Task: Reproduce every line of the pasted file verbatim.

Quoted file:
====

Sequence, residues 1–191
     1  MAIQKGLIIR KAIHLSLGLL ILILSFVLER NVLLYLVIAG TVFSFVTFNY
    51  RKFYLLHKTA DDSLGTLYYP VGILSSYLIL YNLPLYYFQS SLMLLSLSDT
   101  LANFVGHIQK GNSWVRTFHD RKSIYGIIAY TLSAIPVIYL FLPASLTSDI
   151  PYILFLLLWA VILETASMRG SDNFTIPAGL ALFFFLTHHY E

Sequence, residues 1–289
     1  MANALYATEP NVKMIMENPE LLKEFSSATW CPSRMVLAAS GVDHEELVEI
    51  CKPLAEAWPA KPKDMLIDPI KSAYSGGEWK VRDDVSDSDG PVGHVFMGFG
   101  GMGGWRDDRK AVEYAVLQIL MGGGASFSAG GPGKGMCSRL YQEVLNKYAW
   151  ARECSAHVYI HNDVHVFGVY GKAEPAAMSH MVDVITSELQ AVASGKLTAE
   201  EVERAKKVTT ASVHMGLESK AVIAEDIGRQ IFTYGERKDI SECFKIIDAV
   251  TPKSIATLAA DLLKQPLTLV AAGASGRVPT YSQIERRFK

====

Sequence, residues 1–191
     1  MAIQKGLIIR KAIHLSLGLL ILILSFVLER NVLLYLVIAG TVFSFVTFNY
    51  RKFYLLHKTA DDSLGTLYYP VGILSSYLIL YNLPLYYFQS SLMLLSLSDT
   101  LANFVGHIQK GNSWVRTFHD RKSIYGIIAY TLSAIPVIYL FLPASLTSDI
   151  PYILFLLLWA VILETASMRG SDNFTIPAGL ALFFFLTHHY E

Sequence, residues 1–289
     1  MANALYATEP NVKMIMENPE LLKEFSSATW CPSRMVLAAS GVDHEELVEI
    51  CKPLAEAWPA KPKDMLIDPI KSAYSGGEWK VRDDVSDSDG PVGHVFMGFG
   101  GMGGWRDDRK AVEYAVLQIL MGGGASFSAG GPGKGMCSRL YQEVLNKYAW
   151  ARECSAHVYI HNDVHVFGVY GKAEPAAMSH MVDVITSELQ AVASGKLTAE
   201  EVERAKKVTT ASVHMGLESK AVIAEDIGRQ IFTYGERKDI SECFKIIDAV
   251  TPKSIATLAA DLLKQPLTLV AAGASGRVPT YSQIERRFK